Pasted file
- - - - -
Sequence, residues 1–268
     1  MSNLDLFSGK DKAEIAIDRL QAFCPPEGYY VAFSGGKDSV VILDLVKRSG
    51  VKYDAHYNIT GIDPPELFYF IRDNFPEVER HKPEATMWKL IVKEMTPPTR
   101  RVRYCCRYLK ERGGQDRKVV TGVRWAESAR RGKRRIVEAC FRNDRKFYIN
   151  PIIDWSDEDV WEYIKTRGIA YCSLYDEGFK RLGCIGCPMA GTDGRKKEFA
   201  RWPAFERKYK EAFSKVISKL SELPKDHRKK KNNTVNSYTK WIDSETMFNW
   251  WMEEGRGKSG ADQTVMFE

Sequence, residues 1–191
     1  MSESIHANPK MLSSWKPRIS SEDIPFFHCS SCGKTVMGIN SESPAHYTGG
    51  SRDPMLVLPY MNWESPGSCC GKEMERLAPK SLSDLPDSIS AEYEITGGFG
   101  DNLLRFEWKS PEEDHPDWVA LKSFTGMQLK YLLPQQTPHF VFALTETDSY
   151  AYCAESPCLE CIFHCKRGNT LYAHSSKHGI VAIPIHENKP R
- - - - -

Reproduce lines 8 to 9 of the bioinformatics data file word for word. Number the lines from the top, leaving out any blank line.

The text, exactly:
Sequence, residues 1–191
     1  MSESIHANPK MLSSWKPRIS SEDIPFFHCS SCGKTVMGIN SESPAHYTGG